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The Cigna Group(CI-N)

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Should Value Investors Buy This Healthcare Stock?

Motley Fool - Fri Aug 11, 7:50AM CDT

Value investing is a rather popular investing strategy. Seeing as almost everyone enjoys buying great products at discounted prices, it isn't surprising that we would also like to get good deals on stocks.

But investors need to be careful that they aren't buying junk companies for their portfolios. Health insurer Cigna(NYSE: CI), is far from junk: Having turned a $5,000 investment made 10 years ago into nearly $20,000 with dividends reinvested today, the proof is in the pudding. Put into perspective, that is much better than the $16,000 that the same investment amount in the S&P 500 index would now be worth with dividends reinvested.

But are shares of Cigna currently a buy for value investors? Let's assess the company's fundamentals and valuation.

Growth potential remains decent

Through its Evernorth pharmacy benefit services and care services business and Cigna healthcare business, Cigna has built customer relationships with over 165 million customers. This huge customer base has earned the company an $86 billion market capitalization, which makes it the fourth largest player in its industry.

Cigna posted $48.6 billion in total revenue during the second quarter, which was up 6.8% over the year-ago period. The company's overall customer relationships declined by 6.9% since Dec. 31, 2022, to 165.7 million to conclude Q2 2023.

At first glance, this would seem concerning. But this was only due to a decision from New York Life to not renew a supplemental behavioral coverage contract with Cigna. Excluding this event from its results, the health insurer's total customer relationships have grown by 5% since the end of last year. Because Cigna cites the supplemental behavioral coverage contract as an insignificant portion of its revenue, other customer relationship growth and increased prices led the top line higher.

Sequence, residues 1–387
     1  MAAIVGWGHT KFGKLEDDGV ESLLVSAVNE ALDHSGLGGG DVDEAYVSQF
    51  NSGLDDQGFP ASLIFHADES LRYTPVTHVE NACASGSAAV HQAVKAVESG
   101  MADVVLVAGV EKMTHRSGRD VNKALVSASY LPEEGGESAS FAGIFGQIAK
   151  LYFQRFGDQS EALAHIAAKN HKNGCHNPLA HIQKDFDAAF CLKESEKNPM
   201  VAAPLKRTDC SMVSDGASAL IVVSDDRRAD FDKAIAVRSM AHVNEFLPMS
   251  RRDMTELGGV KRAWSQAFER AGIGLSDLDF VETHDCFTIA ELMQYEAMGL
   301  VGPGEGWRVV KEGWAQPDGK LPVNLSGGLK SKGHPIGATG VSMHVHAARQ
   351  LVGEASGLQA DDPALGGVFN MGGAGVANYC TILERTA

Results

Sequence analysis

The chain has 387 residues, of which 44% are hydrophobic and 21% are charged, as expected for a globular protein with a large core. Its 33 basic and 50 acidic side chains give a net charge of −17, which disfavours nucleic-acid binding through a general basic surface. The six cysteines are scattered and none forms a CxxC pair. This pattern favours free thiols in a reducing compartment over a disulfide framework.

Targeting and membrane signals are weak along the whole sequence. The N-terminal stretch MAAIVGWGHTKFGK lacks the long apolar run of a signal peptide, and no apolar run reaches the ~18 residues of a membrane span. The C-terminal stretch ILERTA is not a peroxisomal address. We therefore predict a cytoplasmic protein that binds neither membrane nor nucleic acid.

MetricQ2 2022Q2 2023
Net margin4.3%3.7%
Diluted share count (in millions)318.3296.9

Data source: Cigna.

Cigna's non-GAAP (adjusted) diluted earnings per share (EPS) decreased by 1.1% year over year to $6.13 for Q2. As more medical members are having elective procedures performed that were delayed in the COVID-19 pandemic shutdowns, the company processed more claims. This is what led Cigna's non-GAAP (generally accepted accounting principles) net margin to contract by 60 basis points in the quarter. Diminished profitability was only partly countered by the company's share repurchase program, which lowered its shares outstanding to a sizable degree. These factors are how Cigna's adjusted diluted EPS growth trailed behind total revenue growth during the quarter.

As its claims return to pre-pandemic levels and customer relationships grow, analysts are predicting that Cigna's adjusted diluted EPS will compound 11.1% annually over the next five years. This is close to the industry peer average of 11.7%.

A doctor consults with their patient.

Image source: Getty Images.

A dividend with the capability for future growth

Cigna offers investors a 1.7% dividend yield, which is marginally above the 1.5% yield of the S&P 500 index. And the growth potential of the payout isn't lacking, either.

This is because Cigna's dividend payout ratio is set to come in at around 20% in 2023. Since that leaves the company with capital for acquisitions, debt repayment, and share repurchases, it should have the ability to continue handing out double-digit percentage annual dividend hikes for the foreseeable future.

The stock is convincingly cheap

Elevated claims costs have held the healthcare insurance plan industry back as a whole in 2023. And Cigna has been no exception, with shares down 13% so far for the year. Because of this underperformance, the already discounted stock has become even more compelling: Cigna's forward price-to-earnings (P/E) ratio of 10.4 is well below the industry average forward P/E ratio of 13.9. This undervaluation seems to support the idea that the stock is a buy for value investors.

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Kody Kester has no position in any of the stocks mentioned. The Motley Fool has no position in any of the stocks mentioned. The Motley Fool has a disclosure policy.

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